Beleaguered road and bridge superintendent Randy Crawford resigned in October, and was replaced on an interim basis by Jesse Hamm in December.

Two major highway safety projects were completed in 2015.

The most notable was the opening last week of an innovative roundabout at the US-56/77 and K-150 junction. The intersection, called the most dangerous in the state by KDOT, claimed the lives of Marie and Forrest Anderson of Burdick in April, about a month before construction of the roundabout began.

US-56 north of Hillsboro was widened to create a turning lane for the Adams St. intersection. A major sidewalk overhaul also increased safety for schoolchildren walking to Hillsboro Elementary School.

EMS trials

It was a tumultuous year for the county EMS service under new director Brandy McCarty.

Medical director Paige Dodson stepped down after only a few months in the position.

Commissioners forced Tampa crew chief Jesse Brunner out of that position, claiming he would not cooperate with McCarty.

The state EMS board opened investigations of three county EMS technicians, including McCarty, alleging violations of implementing procedures not allowed by their certifications. The board also initiated an investigation of the EMS service as a whole.

Commissioners in October fired Peabody paramedic Larry Larsen, setting off a backlash among Peabody citizens who feared losing the town’s EMS services.

A subsequent request to reinstate Larsen, presented by commissioner Randy Dallke, occupied time at three consecutive commission meetings without being resolved.

McCarty resigned as director in November, and an interim director was appointed in December.

Feel-good stories

While the county had its unfortunate share of crime, fires, and fatality accidents in 2015, there were also plenty of inspirational stories of tragedies averted and achievements made.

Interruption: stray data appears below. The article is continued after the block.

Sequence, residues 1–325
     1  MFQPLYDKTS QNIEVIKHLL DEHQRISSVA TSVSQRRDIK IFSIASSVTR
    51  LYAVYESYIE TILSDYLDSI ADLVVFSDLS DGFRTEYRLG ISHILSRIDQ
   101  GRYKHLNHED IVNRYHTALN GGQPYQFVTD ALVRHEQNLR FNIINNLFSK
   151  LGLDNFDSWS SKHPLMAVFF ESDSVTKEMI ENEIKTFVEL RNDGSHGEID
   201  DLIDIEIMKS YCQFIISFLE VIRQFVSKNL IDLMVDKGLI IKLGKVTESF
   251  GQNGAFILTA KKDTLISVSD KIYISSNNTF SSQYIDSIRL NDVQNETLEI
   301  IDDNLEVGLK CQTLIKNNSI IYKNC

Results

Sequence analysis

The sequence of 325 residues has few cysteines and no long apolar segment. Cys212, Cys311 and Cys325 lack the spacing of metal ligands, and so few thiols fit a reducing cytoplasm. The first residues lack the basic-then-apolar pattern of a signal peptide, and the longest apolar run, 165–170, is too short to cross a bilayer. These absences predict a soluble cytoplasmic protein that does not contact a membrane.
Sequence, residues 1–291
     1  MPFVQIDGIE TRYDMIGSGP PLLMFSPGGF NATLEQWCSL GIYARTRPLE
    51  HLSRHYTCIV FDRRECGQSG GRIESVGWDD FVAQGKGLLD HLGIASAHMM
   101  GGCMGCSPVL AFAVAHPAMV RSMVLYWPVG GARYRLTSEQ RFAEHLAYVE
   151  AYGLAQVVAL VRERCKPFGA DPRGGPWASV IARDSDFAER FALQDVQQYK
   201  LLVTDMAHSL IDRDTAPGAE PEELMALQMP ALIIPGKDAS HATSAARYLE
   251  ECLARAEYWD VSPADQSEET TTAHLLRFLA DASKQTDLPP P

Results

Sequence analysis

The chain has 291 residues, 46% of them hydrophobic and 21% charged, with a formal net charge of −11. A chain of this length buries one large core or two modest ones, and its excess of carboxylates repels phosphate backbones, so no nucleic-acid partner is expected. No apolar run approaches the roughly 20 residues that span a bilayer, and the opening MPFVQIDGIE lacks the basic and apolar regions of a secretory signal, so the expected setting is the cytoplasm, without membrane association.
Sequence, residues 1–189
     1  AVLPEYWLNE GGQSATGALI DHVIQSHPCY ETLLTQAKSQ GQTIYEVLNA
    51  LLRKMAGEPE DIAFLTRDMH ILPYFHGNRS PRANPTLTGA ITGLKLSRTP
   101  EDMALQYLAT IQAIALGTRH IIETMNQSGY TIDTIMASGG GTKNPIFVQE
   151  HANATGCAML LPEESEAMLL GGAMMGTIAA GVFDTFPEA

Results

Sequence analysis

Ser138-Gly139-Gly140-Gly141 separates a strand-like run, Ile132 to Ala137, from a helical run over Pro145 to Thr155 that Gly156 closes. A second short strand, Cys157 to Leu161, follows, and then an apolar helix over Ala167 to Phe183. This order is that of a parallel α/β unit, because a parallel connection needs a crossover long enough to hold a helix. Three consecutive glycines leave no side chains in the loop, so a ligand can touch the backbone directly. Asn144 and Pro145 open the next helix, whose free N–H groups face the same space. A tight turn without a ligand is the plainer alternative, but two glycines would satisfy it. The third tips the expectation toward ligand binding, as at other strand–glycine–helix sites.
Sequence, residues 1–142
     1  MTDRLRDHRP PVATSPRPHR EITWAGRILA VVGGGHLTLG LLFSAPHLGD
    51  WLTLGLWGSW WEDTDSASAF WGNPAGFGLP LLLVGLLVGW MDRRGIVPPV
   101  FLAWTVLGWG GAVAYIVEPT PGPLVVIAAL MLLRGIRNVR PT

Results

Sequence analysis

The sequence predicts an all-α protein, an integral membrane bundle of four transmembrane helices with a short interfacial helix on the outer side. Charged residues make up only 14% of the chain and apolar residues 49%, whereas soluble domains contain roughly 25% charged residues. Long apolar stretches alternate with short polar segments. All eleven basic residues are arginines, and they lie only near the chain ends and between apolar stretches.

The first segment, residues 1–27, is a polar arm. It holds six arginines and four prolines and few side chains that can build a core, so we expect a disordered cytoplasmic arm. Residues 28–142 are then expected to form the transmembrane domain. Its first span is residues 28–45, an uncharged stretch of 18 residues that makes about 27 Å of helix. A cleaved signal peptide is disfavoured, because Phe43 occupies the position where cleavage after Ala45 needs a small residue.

A toddler in Peabody and a 7-year-old at Morning Star Ranch near Florence were saved from drowning in June and July. So, too, was a Canton-area family whose boat capsized and sunk at Marion Reservoir in June.

Hungry citizens found relief at the expanded Marion County Resource Center and Food Bank in Marion, relocated to a building on E. Main St. and staffed by dozens of volunteers.

St. Luke Hospital Auxiliary Shoppe received so many donations that it had to temporarily stop taking them in August. In turn, the Auxiliary donated $20,000 to the hospital to complete renovations to the radiology area.

County school districts weathered state funding cuts with some difficult belt-tightening and, in some cases, local tax increases. Marion High School made Newsweek magazine’s list of the country’s top high schools for a second consecutive year.

Many high school athletes qualified for state-level competition, with wrestler Kyle Palic of Marion and pole vaulter Marah Franz of Hillsboro bringing home championships. Topping the list was the 44-0 1A champion Goessel girls’ volleyball team.

Tabor College broke ground in May for the Shari Flaming Center for the Arts, funded by a $16 million capital campaign. Site preparation has commenced, with construction expected to commence in the spring.

Last modified Dec. 30, 2015